If Wired or Technology Review were to do a cover story on “computing in 2020,” you know what you’d get: computer-generated mock-ups of what the laptop/wearable/ambient Computer of Tomorrow will look like, interviews with people working on bleeding-edge technologies, and lots of discussion of how future computers will work. When Nature does a cover story on “computing in 2020,” you get something quite different: only one of the eight feature articles talks about how future computers might operate; the rest look more at the evolution of how we use computers, a much more worldchanging topic.
Unsurprisingly, most of the articles look at the science of the particular issue, either in the underlying theory or the actual applications; Natureis the world’s premiere science journal, after all. But that doesn’t mean they’re inaccessible for non-scientific readers by any means. You may have to slip over some jargon here and there, but the core ideas—the interplay of computation and sensor networks, the question of how we deal with massive amounts of incoming data, the parallels between biology and information—remain relevant across many of the subjects we discuss here. Best of all, as indicated yesterday, all of the articles in the feature section can be read for free (in both HTML and PDF format); Microsoft’s 2020 Science project made this possible, so it’s worth noting that none of the articles talk about what Microsoft is doing at all.
I Sense Something…: Of all of the articles in the special section, the one that’s likely to feel the most familiar is Everything, everywhere, written by WorldChanging ally Declan Butler. It’s a look at the emergence of “smart dust,” “motes” and the various other manifestations of wireless sensor technologies, and the role these systems will play in future scientific computation. The important message is that the growing use of abundant sensing technology will change how scientific research works:
Gaetano Borriello, a computer scientist at the University of Washington in Seattle, argues that such widely distributed computing power will trigger a paradigm shift as great as that brought about by the development of experimental science itself. “We will be getting real-time data from the physical world for the first time on a large scale.”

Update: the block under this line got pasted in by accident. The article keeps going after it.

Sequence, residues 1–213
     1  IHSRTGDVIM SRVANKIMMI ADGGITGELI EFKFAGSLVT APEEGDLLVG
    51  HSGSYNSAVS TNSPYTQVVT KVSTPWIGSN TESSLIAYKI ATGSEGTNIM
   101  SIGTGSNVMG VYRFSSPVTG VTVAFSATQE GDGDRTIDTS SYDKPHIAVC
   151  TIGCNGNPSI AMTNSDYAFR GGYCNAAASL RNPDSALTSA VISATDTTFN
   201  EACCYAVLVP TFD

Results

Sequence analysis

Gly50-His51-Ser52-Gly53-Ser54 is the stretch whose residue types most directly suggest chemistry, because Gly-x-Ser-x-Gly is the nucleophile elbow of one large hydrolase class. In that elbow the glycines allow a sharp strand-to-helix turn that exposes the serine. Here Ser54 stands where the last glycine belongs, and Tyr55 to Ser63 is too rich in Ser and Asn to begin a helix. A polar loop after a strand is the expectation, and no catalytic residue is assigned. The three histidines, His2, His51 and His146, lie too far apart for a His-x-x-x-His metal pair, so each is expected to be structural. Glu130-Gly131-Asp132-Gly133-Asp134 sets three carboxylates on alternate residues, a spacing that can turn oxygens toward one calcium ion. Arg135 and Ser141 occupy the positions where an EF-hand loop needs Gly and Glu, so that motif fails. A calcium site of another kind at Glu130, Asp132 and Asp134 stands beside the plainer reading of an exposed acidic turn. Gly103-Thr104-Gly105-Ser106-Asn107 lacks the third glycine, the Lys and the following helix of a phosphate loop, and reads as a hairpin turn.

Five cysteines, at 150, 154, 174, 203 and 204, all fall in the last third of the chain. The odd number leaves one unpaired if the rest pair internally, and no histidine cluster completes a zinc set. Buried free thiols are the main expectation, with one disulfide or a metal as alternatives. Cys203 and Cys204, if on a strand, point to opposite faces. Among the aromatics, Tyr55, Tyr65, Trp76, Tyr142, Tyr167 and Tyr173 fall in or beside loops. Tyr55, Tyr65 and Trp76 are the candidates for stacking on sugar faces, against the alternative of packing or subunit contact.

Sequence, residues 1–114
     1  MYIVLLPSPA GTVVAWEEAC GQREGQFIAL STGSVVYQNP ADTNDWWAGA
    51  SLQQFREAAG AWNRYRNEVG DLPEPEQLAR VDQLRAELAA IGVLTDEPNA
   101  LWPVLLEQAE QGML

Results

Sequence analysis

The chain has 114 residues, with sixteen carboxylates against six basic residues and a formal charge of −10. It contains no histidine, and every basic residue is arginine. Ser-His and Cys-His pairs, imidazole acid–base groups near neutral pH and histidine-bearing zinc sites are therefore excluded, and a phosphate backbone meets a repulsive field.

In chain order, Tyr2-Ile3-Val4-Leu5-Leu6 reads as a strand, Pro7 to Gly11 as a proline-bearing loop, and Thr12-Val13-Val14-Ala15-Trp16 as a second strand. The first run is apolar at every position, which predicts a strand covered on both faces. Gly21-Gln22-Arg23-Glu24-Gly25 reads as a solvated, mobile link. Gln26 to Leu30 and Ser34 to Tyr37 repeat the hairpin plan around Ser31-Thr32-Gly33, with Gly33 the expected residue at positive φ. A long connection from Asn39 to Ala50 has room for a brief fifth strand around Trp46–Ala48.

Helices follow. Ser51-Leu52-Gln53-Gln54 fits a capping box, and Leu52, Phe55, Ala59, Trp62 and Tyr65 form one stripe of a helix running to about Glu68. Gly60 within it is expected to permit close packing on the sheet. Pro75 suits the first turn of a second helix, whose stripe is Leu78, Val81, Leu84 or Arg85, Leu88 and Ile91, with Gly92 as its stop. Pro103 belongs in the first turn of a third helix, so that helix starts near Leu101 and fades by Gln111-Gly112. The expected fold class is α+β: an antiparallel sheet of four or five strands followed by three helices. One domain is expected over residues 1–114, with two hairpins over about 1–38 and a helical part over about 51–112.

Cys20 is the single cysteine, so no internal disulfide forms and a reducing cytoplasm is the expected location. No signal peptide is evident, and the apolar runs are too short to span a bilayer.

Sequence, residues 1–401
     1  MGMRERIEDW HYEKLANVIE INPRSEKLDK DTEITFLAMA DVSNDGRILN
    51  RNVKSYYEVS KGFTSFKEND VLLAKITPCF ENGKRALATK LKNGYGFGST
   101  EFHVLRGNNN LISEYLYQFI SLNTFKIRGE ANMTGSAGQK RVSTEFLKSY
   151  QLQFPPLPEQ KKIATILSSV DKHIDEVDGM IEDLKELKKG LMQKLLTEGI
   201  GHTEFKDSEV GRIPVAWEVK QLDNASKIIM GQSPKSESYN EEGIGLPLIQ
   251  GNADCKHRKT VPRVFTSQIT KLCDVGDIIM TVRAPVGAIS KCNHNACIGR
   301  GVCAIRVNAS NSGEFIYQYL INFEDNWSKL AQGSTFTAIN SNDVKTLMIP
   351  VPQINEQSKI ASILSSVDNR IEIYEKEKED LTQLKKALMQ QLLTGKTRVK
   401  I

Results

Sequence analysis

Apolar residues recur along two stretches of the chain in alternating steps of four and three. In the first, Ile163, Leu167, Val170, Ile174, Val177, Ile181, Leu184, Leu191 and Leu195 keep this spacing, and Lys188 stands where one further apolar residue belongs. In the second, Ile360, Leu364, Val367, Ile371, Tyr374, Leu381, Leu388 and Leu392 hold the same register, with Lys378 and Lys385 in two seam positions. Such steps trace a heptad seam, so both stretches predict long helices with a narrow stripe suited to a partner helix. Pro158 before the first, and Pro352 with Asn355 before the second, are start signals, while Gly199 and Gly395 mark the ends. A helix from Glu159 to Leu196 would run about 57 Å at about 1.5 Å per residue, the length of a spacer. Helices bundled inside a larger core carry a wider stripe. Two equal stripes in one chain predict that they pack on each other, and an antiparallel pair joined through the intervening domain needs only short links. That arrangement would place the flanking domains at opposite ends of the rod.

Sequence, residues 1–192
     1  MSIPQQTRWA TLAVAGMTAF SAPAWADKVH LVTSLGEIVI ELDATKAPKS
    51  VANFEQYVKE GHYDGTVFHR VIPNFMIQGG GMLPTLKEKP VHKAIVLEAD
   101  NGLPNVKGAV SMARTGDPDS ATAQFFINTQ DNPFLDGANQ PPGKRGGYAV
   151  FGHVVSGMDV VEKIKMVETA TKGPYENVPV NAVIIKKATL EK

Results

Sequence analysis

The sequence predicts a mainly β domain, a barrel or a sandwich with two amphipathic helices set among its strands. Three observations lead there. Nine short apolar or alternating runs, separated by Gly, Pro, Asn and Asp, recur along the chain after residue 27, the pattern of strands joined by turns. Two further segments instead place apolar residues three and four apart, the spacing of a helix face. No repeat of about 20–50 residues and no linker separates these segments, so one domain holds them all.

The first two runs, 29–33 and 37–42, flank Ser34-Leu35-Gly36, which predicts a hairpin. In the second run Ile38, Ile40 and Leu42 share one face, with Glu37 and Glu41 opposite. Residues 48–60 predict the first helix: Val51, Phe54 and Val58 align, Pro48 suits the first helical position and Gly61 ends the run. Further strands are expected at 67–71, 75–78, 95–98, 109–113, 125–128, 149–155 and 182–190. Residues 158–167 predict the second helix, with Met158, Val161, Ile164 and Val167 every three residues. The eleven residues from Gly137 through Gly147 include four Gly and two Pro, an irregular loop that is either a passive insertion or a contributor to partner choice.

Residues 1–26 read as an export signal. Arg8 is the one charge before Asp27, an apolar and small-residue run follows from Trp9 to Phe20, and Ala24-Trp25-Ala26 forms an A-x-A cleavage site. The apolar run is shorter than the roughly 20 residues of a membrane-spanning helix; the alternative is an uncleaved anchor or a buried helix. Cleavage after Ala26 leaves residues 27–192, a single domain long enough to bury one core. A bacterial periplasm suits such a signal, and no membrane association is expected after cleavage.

Instead of painstakingly collecting their own data, researchers will be able to mine up-to-the-minute databases on every aspect of the environment — the understanding of diseases, and the efficacy of treatments will be dissected by ceaselessly monitoring huge clinical populations. “It will be a very different way of thinking, sifting through the data to find patterns,” says Borriello, who works on integrating medical sensors — such as continuous monitors of heart rate and blood oxygen — with their surroundings. “There will be a much more rapid cycle of hypothesis generation and testing than we have now.”
The faster you can experiment, analyze, and iterate, the greater the number of possibilities you can explore.
If Absolute Power Corrupts Absolutely, Does Sustainable Power Corrupt Sustainably?: Butler has a second piece in the section, a box on power for sensor hardware. It covers the issues admirably, looking more at the challenges than at particular solutions, although he does focus for a moment on ultrawideband as a technology for sending signals more reliably with less power. Sustainable power gets its due not just with solar energy, but with the use of vibrational energy, “... such as that given off by the traffic on a nearby road.”
Waste is just a resource we haven’t yet tapped.
Virtual Science: Also striking a theme familiar to Worldchanging readers, Vernor Vinge (a computer scientist best known as a science fiction author and credited with the most widely-accepted articulation of the concept of the “singularity”) writes in “The creativity machine” of the use of virtual environments and open collaborative tools as novel mechanisms for scientific research. For Vinge, the Internet is the world’s most important scientific tool, and it will only become moreso: